What Andrew and Patrick have in common with Martin and Peter

Andrew Thompson, from Derry who is profoundly deaf joins the First and Deputy First Minister at the opening of their new offices in Belfast. Mandatory Credit - Photo-Kelvin Boyes/Presseye
Andrew Thompson, from Derry who is profoundly deaf joins the First and Deputy First Minister at the opening of their new offices in Belfast. Mandatory Credit - Photo-Kelvin Boyes/Presseye

Two local men have spoken to Deputy First Minister Martin McGuinness about their profound hearing difficulties - with the Derry man making a frank admission of his own.

Mr. McGuinness has spoken of how he has had tinnitus – a constant ringing in the ear – for the last ten years.

He spoke to Strabane’s Patrick McGranaghan and Derry’s Andrew Thompson at the opening of a new base for UK charity Action on Hearing Loss in Belfast.

A large team of volunteers with the charity are on hand to offer support and information to people with hearing loss.

They can also help hearing aid users get the best out of their hearing aids, and can match isolated people in the area with experienced ‘befrienders’.

Patrick McGranaghan is one local man who has benefitted from the charity’s services and now volunteers to help others in similar situations.

Patrick McGranaghan started to notice his hearing deteriorating in his mid-50s. He was missing out on conversations, mishearing things, and turning the TV up louder and louder.

After two years he decided to take action to address his hearing loss. He was told by his audiologist that the hearing in one ear was deteriorating, and this worsened rapidly over the course of the next year, and he began to lose his hearing in the other ear.

Patrick was fitted with a hearing aid which led to him hearing a very loud and disturbing noise. Having seen an Action on Hearing Loss hearing aid support clinic advertised in his local area, he went along for help. The trained volunteer there explained that the loud noise was simply the reintroduction of all the sound that Patrick had missed out on over the years, and that with time and perseverance it would becoming less intrusive.

The support he received at the clinic inspired him to volunteer his services to Action on Hearing Loss and he now runs his own hearing support clinic at Carnhill Resource Centre in the Pennyburn area of Derry. “Getting a hearing aid and then volunteering has made such difference to my life. I would encourage anyone who is noticing their hearing declining to do something about it sooner rather than later.”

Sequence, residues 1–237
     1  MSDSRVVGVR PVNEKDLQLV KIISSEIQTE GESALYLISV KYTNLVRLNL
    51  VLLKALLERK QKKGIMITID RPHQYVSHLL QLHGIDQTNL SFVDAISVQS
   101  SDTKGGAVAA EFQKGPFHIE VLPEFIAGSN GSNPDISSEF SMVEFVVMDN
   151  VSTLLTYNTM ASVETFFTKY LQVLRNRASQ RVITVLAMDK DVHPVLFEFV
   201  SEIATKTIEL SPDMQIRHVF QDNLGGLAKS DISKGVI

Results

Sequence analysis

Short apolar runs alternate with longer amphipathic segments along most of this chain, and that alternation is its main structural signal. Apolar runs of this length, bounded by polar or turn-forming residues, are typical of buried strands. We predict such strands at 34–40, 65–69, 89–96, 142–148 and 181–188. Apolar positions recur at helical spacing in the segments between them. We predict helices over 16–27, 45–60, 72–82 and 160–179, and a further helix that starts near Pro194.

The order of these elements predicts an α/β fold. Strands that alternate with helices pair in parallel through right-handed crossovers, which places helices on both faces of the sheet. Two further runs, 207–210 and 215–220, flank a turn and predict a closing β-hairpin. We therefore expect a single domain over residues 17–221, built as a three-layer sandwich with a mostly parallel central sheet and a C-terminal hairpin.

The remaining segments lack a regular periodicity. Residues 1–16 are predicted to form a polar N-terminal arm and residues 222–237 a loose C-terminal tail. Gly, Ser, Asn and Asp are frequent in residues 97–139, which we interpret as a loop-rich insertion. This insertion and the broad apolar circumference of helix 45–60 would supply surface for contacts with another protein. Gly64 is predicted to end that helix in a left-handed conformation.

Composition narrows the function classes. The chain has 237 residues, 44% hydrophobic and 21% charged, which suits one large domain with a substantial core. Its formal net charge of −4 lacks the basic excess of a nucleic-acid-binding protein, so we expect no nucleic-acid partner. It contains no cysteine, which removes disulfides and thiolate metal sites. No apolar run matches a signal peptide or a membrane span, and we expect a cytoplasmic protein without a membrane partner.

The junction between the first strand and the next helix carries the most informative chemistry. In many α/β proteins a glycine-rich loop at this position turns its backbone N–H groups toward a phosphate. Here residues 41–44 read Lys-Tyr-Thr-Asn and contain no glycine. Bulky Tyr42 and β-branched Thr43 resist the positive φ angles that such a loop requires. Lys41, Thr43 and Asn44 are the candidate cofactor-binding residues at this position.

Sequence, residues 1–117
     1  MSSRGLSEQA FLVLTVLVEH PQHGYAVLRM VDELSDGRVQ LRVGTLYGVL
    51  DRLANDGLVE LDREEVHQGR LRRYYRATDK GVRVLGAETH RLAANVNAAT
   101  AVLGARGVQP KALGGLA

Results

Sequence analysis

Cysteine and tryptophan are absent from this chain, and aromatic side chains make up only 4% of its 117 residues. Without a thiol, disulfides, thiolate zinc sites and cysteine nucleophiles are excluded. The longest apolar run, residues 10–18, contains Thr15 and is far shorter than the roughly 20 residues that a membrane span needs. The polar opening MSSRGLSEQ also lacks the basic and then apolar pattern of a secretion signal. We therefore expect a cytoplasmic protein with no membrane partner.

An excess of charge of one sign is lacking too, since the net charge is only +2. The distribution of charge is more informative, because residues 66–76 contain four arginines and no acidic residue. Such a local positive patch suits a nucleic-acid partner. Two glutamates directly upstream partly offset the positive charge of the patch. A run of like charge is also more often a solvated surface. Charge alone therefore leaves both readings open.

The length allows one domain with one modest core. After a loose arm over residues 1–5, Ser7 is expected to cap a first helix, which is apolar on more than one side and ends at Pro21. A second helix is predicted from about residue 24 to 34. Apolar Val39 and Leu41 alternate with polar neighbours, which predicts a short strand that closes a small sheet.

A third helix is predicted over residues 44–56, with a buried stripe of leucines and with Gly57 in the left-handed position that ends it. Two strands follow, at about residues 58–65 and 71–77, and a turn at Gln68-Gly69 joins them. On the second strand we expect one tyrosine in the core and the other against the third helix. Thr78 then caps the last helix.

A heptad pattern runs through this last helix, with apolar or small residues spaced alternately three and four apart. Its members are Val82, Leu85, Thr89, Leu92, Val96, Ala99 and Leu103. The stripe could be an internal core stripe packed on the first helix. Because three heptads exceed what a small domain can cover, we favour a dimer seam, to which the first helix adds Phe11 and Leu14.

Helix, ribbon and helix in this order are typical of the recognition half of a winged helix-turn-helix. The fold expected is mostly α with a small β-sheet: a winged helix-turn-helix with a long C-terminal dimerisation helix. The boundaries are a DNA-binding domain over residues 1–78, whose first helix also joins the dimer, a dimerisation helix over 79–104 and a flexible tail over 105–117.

Andrew Thompson (40) has been profoundly deaf from birth. He was raised in the ‘oral’ tradition i.e. he has learnt to speak, but picked up sign language as a teenager and feels more relaxed and confident communicating in sign. Support from his family growing up has made him the person he is today but he has experienced negative attitudes in the workplace.

Andrew has an advanced qualification in plastering and a specialism in Health and Safety, however, he feels that a potential career move to become a supervisor was blocked because he was deaf. He also feels that his recommendations on matters of Health and Safety were ignored because he was deaf.

Since becoming involved with Action on Hearing Loss, Andrew has been able to explore his first love of drama and performance. He is part of an Improvisation Performance group based in Derry and he says, “the group brings deaf people together on a par with hearing people and I love it.”

During the opening of the new base Peter Robinson First Minister revealed for the first time how he has experienced hearing loss in his left ear for the last two years - something he has never spoken of publicly before. Mr. McGuinness spoke of how he has had tinnitus – a constant ringing in the ear – for the last 10 years.

Northern Ireland Director for Action on Hearing Loss Jackie White said that she was moved by how both Ministers spoke about their personal experiences so openly.

“Both Ministers are living out our vision of a world where deafness and hearing loss doesn’t limit or label people. We want everyone in Northern Ireland who is experiencing hearing loss to be able to live as normal a life as possible with the appropriate and timely information and support. Given the fact that it takes an average of ten years for people act upon hearing loss, we would like to join with the First and Deputy First Minister in urging everyone look after their hearing and to take steps to address any loss you may have.”

For further information on Action on Hearing Loss services contact: Harvester House, 4-8 Adelaide Street, Belfast. Tel: 028 9023 9619, Textphone: 028 9024 9462, Fax: 028 9031 2032 or email: information.nireland@hearingloss.org.uk